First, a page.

Full-day kindergarten is now available across Ontario, though some of the classrooms are not yet ready, delayed by this winter's deep freeze, the province's education minister said Tuesday.

Liz Sandals marked the first day of school by visiting a Catholic elementary school, saying while not all the full-day kindergarten classrooms are currently available, the program is now fully rolled out. There are 265,000 kids enrolled this fall in the program for four- and five-year-olds at 3,600 schools.

Ont Teachers 20130213

Construction of new kindergarten classrooms was delayed by the unusually harsh winter, said Ontario Education Minister Liz Sandals. (Chris Young/Canadian Press)

"It may be a couple of weeks or it may be a month before the actual room is available, but those kids are in a room, they're getting the teaching and they're in class," Sandals said.

"We had a really, really, really cold winter last year and you can't start construction until the frost comes out of the ground, so all these construction projects to build new classrooms were about a month later starting."

Sandals said it's clear full-day kindergarten is helping students do better, even though there's no firm evidence yet to support that conclusion. Critics of full-day kindergarten should wait until the province gathers evidence on the first students to go through the program before declaring it is not a success, she said.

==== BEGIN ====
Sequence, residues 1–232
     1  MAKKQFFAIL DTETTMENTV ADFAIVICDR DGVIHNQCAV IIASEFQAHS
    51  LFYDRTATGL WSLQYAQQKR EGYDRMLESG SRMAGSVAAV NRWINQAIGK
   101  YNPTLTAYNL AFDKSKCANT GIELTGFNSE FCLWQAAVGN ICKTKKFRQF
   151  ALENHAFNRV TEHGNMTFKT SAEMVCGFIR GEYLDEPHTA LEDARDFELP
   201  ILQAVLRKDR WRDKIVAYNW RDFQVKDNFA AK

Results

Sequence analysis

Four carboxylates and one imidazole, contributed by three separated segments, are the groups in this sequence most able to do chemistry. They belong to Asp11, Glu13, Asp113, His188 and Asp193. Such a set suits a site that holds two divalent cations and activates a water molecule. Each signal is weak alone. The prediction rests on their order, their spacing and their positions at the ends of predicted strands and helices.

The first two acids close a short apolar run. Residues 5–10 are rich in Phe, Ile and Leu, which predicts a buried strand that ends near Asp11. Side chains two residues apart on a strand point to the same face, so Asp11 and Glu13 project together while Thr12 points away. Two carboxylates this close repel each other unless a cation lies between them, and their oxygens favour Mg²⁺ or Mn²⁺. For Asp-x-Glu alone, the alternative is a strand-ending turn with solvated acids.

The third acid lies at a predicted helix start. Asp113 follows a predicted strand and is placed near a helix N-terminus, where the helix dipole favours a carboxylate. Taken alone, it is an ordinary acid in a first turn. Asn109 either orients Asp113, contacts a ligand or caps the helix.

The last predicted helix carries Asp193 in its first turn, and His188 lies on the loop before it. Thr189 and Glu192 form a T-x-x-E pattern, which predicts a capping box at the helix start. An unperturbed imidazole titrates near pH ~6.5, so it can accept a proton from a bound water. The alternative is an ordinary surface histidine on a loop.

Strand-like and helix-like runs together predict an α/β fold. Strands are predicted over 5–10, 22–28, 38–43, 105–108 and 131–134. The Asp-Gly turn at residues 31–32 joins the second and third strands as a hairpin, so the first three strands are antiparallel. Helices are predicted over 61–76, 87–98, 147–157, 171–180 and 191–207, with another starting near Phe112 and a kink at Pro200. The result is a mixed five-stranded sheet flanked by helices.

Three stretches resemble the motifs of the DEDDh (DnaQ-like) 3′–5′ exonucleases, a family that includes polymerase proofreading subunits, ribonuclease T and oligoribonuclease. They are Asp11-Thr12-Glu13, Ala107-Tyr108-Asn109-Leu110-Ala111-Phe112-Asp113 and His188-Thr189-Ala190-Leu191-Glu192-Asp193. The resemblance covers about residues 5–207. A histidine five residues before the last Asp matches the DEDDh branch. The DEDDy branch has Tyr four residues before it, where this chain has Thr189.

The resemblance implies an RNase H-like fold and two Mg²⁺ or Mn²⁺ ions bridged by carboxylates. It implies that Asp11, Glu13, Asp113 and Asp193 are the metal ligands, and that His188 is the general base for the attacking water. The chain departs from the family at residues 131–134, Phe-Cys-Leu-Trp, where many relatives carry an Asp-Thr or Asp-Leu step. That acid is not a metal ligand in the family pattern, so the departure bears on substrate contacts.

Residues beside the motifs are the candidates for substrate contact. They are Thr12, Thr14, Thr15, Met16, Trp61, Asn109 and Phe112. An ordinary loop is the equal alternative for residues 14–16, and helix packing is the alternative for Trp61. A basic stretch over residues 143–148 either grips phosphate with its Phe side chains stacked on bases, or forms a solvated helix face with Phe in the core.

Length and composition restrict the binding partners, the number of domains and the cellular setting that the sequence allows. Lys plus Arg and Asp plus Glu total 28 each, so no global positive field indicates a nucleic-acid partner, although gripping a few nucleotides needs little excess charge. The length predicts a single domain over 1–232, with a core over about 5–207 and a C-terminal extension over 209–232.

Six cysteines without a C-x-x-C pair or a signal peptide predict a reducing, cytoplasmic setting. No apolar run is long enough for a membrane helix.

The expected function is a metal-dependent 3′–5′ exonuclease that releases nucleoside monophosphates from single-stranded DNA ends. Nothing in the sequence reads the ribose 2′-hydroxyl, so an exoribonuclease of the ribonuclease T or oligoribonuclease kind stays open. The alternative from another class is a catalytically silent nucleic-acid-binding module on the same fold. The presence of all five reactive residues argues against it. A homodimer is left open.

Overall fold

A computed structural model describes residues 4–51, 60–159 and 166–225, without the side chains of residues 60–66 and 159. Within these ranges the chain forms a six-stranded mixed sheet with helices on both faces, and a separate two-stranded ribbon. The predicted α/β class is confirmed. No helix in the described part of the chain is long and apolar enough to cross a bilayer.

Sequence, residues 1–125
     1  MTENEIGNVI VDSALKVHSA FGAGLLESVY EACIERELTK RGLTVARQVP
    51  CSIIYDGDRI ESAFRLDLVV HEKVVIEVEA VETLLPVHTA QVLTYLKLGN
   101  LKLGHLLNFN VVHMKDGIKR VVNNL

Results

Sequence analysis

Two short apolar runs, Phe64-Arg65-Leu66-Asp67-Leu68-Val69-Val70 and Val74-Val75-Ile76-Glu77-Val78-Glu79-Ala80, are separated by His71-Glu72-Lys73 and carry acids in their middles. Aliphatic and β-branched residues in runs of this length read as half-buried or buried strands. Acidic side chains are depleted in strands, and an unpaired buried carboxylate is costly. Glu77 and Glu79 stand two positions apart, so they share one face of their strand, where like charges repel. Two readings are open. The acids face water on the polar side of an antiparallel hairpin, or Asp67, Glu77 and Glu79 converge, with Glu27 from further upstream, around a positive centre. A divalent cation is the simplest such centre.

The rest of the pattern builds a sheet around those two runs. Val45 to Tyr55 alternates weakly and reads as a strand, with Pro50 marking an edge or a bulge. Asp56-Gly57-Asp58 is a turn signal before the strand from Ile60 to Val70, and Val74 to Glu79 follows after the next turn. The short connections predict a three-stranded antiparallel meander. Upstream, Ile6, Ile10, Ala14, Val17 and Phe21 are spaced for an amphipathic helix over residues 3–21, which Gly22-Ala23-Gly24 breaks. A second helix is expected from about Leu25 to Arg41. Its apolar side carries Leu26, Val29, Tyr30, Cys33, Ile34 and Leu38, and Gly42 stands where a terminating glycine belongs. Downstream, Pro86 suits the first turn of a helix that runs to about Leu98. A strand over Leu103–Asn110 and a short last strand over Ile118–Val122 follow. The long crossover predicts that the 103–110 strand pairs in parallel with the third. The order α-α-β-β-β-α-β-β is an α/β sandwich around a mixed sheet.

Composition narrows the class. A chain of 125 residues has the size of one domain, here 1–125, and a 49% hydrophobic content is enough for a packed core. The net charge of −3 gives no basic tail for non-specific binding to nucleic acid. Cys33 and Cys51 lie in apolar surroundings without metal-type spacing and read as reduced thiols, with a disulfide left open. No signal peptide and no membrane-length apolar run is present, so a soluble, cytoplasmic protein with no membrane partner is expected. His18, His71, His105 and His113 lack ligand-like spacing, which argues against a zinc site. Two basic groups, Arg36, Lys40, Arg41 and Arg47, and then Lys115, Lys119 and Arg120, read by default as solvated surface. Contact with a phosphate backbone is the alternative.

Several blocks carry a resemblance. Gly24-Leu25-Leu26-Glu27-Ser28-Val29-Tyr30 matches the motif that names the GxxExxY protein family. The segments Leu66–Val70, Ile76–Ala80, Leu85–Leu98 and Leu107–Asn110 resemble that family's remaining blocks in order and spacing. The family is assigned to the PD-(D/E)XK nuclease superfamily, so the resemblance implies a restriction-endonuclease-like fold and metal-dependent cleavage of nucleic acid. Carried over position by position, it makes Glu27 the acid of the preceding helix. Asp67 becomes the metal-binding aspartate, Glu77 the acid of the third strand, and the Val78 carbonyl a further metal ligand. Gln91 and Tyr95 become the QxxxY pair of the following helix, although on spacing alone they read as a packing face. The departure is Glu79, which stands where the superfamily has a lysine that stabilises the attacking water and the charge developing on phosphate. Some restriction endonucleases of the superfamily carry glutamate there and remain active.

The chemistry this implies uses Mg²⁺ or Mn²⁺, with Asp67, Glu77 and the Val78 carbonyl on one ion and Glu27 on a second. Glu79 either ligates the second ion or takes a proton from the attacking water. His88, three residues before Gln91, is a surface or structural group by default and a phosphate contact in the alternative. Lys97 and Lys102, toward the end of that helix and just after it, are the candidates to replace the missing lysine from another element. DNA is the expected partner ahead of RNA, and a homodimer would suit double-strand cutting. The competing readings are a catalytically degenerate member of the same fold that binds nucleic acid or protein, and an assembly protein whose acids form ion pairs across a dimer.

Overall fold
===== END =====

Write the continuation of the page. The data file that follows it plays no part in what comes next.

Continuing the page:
"Because we're just rolling the program out, the kids we're talking about are just starting to get to Grade 3," Sandals said.

Class size is an important issue, Sandals said, though she wouldn't say if she would put a cap on the number of children in a class. The beginning of the school year brings the "kindergarten dance," in which schools try to deal with an unexpected influx of kids whose parents registered them for kindergarten just last week instead of in February.

Sandals expressed optimism about contract negotiations with the province's teachers. She said she has met with each of the union presidents, who have told her they believe agreements can be reached, she said.

"The natural rhythm of school board negotiations ... is in fact that the collective agreement expires at the end of August, the negotiations start to ramp up in the fall and maybe it's next winter or next spring you eventually figure out an agreement," she said.

"So I have no expectation we're going to have an agreement next week, but I do have an expectation given the conversations and the good will I'm hearing from both school boards and unions that we will eventually come to an agreement."